Opening a trench near a tree and enabling the roots to dry out is bad enough, but to heap up soil onto the trunk and leave it there for an extended period is bad practice as it compacts the soil and inhibits the supply of oxygen and water to the roots [Figures 8, 9 & 10]. This Italian alder was left in this condition for an extended period. It reveals that trees were not considered during the installation of lampposts.


The contractors appear to have considered that concrete edgings should be introduced along newly planted trees to precede re-tarmacking of pavements at Chippinghouse Road. Instead of piling them near the area, they were positioned on top of the roots [Figure 11]. The introduction of this edging required trenches to be dug that cut roots in the top area. With most of the roots being located in the top layer of soil with trees struggling for water within tarmacked areas such removal of roots can be fatal. Ultimately timber edges were placed here, but the root damage was already done. As these edges are frequently slightly raised they also inhibit surface water flowing into the limited planting holes. It shows that there is an insufficient understanding of the requirements of healthy tree growth.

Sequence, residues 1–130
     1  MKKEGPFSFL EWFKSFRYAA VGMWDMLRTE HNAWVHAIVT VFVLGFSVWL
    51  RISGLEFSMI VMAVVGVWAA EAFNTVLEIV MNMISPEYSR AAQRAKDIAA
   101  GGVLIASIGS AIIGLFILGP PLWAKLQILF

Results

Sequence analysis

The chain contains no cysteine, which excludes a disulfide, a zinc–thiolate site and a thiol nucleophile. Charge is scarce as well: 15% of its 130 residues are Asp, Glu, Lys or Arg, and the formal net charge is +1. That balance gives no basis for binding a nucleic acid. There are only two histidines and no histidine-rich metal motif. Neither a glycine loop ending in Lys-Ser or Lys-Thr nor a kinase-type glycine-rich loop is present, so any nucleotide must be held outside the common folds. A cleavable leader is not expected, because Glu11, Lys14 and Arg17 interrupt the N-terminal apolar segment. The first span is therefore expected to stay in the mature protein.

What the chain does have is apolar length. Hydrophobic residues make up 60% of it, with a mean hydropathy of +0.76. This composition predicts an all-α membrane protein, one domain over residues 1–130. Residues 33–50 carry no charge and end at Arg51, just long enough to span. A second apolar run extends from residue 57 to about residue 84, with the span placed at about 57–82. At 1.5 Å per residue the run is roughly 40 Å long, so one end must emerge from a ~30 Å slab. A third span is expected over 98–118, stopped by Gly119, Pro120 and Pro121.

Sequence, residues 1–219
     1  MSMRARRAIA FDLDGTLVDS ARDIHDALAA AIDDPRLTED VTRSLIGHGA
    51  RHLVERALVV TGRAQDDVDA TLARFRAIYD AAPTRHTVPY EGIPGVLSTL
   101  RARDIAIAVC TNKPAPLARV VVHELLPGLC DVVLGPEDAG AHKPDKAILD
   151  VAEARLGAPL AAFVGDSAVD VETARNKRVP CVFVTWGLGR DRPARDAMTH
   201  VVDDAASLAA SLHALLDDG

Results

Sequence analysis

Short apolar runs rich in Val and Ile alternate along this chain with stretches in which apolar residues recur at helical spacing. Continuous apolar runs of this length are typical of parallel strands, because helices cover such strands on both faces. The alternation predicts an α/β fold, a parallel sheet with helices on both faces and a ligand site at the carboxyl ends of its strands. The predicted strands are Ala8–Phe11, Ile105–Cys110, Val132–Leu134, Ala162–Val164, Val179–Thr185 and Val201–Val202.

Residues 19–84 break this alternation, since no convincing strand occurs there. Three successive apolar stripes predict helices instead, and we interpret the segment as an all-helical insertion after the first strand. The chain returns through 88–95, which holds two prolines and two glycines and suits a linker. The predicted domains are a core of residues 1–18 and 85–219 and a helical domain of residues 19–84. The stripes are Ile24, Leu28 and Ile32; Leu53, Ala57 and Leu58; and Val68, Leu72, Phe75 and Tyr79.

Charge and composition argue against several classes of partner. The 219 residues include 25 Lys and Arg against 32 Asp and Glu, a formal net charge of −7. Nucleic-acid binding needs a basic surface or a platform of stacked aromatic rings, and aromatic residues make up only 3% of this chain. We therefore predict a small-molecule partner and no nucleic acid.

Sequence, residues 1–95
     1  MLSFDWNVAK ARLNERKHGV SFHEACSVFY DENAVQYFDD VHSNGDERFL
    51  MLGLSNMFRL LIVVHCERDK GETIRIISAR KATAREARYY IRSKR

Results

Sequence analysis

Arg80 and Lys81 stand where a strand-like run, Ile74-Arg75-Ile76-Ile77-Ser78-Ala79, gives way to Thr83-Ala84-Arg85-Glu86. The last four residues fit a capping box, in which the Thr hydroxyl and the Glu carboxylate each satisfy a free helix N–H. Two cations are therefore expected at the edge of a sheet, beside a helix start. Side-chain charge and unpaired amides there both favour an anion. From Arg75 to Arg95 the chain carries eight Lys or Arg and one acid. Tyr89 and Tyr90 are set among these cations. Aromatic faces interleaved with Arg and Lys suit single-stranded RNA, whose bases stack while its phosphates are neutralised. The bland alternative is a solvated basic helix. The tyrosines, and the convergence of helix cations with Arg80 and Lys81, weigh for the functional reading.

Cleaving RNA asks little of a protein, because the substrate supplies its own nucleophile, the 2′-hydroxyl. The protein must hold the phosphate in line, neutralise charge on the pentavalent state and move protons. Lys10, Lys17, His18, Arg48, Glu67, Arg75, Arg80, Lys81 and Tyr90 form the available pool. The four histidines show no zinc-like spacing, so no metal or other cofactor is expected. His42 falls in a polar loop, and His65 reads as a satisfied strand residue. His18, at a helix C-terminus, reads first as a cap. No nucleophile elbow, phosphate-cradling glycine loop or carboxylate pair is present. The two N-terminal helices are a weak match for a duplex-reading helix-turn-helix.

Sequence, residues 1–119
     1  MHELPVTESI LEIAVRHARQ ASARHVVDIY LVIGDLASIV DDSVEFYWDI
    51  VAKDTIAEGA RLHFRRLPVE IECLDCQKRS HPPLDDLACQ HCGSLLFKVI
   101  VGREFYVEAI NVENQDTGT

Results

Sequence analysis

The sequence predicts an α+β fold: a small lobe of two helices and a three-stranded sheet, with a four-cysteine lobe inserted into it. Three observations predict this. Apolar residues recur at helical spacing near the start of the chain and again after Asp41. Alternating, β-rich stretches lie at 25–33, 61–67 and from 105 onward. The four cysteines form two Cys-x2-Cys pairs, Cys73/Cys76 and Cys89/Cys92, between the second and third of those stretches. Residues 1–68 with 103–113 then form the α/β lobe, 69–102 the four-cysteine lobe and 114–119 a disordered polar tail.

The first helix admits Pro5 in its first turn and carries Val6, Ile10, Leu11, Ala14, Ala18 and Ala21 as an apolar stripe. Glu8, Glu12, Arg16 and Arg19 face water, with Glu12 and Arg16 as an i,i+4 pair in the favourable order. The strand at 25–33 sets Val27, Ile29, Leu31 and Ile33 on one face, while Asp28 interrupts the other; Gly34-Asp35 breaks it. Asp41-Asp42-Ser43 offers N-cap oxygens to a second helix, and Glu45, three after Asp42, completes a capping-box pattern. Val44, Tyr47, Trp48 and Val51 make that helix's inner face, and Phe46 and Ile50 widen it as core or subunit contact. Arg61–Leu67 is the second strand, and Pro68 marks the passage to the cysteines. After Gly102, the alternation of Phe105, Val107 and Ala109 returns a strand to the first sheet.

This newly planted lime tree was planted very near the kerb where an old tree had been removed [Figures 12 & 13]. This kerb was re-laid prior to re-tarmacking, involving substantial haunching to the kerbstone. This consists of a lean concrete mix that will contain various salts and chemicals which may be poisonous to the tree and remove water from the soil. The use of such materials near newly planted trees will inhibit their growth and potentially kills the small root fibre.  It reveals how young trees were not a material consideration during the works.

A new lamppost is positioned so close to a recently planted oak (Quercus robur) – at 217 Chippinghouse Road – that there will be a conflict between the two; with the removal of the existing lamppost on the other side and the placing of the new one the roots of this tree have already been cut on three sides [Figure 14]. With a bit of anticipation this imminent issue could have been prevented. This reveals a lack of foresight and planning, and also the fact that engineering issues are considered more important than existing tree stock.